(As an historical side note, it is common for political parties to keep their old names while they evolve into something more or less opposite of what they were: in France the Radicals turned into a rightwing party; and similar changes can be found in many countries, including ours.)

It was not inevitable that the Democratic Party would be captured by its liberal wing and shed its racists and anti-Semites and theocrats. Party managers could not point to any national election won by a Democrat that could have been pulled off without the Solid South. And as long as the seniority system was regnant in Congress, the party relied on long-serving Southerners to keep control of the committee apparatus.

So it was somewhat of a surprise in 1948 when the national party embraced a mildly egalitarian platform (following a rousing speech by the young mayor of Minneapolis, Hubert Humphrey), and allowed itself to split on racial lines with South Carolina racist Strom Thurmond bearing the  banner of the Dixiecrats.

There was no comparable division in the Republican Party, no sectional powerhouse pushing that party in the direction of intolerance.

So when the Republican Party became the party of racism, it did not jump. It was pushed.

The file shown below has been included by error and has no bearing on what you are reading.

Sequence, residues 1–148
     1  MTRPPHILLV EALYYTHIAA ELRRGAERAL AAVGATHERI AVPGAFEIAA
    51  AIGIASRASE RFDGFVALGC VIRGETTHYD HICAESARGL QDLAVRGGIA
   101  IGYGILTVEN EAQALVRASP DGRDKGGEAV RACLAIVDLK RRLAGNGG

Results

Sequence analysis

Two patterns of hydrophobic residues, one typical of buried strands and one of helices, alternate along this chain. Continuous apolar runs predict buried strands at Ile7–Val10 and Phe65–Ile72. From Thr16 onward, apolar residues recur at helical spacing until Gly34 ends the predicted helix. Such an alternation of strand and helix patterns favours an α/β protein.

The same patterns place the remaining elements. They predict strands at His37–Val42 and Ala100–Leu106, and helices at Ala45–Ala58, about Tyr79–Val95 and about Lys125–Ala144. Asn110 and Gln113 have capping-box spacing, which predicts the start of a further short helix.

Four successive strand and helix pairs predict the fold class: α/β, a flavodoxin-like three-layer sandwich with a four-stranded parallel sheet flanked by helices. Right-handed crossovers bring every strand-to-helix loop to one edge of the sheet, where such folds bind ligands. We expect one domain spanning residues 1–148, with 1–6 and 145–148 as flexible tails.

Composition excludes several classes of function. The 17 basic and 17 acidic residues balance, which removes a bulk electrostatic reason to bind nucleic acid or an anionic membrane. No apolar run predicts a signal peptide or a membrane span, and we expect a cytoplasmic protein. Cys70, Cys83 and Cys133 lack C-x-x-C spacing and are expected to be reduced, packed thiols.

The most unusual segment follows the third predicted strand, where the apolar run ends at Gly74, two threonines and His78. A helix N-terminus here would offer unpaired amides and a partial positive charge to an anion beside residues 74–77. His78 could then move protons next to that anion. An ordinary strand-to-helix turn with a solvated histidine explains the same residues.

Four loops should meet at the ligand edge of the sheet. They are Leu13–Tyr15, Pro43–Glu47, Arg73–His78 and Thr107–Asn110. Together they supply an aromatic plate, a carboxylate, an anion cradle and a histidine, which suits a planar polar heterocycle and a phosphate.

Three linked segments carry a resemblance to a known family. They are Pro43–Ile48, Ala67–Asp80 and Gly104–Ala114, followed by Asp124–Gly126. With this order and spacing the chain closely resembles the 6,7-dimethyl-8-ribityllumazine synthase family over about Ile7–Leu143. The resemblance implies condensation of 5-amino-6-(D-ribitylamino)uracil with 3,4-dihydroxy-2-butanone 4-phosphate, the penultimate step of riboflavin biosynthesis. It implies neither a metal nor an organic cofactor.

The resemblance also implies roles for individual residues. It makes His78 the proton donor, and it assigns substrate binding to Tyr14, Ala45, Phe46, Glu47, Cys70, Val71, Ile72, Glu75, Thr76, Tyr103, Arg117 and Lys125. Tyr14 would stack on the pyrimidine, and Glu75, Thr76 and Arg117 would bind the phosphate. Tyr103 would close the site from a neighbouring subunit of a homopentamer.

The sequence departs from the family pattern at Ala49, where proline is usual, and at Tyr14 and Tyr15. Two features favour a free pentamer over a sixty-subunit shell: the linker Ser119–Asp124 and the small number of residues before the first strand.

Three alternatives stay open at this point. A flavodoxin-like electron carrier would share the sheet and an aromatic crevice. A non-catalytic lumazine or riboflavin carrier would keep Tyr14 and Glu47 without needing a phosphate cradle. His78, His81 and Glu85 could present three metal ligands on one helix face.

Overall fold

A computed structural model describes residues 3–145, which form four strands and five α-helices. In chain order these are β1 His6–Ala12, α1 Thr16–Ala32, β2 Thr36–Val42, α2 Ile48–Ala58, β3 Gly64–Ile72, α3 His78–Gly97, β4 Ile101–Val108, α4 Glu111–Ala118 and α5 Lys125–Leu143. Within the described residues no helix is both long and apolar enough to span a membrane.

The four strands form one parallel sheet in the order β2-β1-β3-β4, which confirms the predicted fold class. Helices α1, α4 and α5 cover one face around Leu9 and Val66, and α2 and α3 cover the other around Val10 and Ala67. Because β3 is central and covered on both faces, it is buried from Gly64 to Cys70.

The pusher was Richard Nixon, a man that historian Rick Pearlstein calls the master politician of his age. (He makes a good case for that in "Nixonland.")

Nixon was a closet racist, so he had no personal qualms about trying to change the ethos of the party. In those days, the party still took pride in its Lincolnesque origin, and it had a liberal wing, and even a few Jewish leaders, like Sen. Jacob Javits.

It is remarkable that Nixon was able to pull off his Southern Strategy. The appeal of the anti-labor, militaristic party to Southerners was apparent, but it was not superficially apparent why the national Republicans should want to embrace the violent, scummy Southerners.

But he managed it without a whimper from the national party, suggesting that the party's more or less tolerant platforms were no more than a form of political nostalgia. It turned out the national party was full of anti-black and anti-Semitic haters, and all they needed was a leader to tell them it was acceptable not to to admit it but to legislate it.

This is not controversial history. Observers at the time noted it and people still living (like me) can remember how it happened.

Only recently, as part of the Big Lie campaign of vilification have Republican partisans taken to jeering at Democrats as -- still -- the party of the KKK. 

So we have the theocratic, historic Democrat Kim Davis -- or at least her lawyer -- to thank for a breath of honesty today. Davis was a Democrat because people in her part of the country are Democrats by habit. There is no evidence that she shares any political ideas in common with the party.

So she's turning Republican. She and her whole family, we are told. Significantly, she did not wake up and discover that the Republican Party was in tune with her theocratic notions. Her recent personal history revealed to her that the Democrats aren't. You may think she has not been paying attention for about the last 50 years, but better late than never, I guess:

“She has come to the conclusion that the Democratic Party has left her,” Mathew D. Staver, a lawyer for Ms. Davis, said in a statement.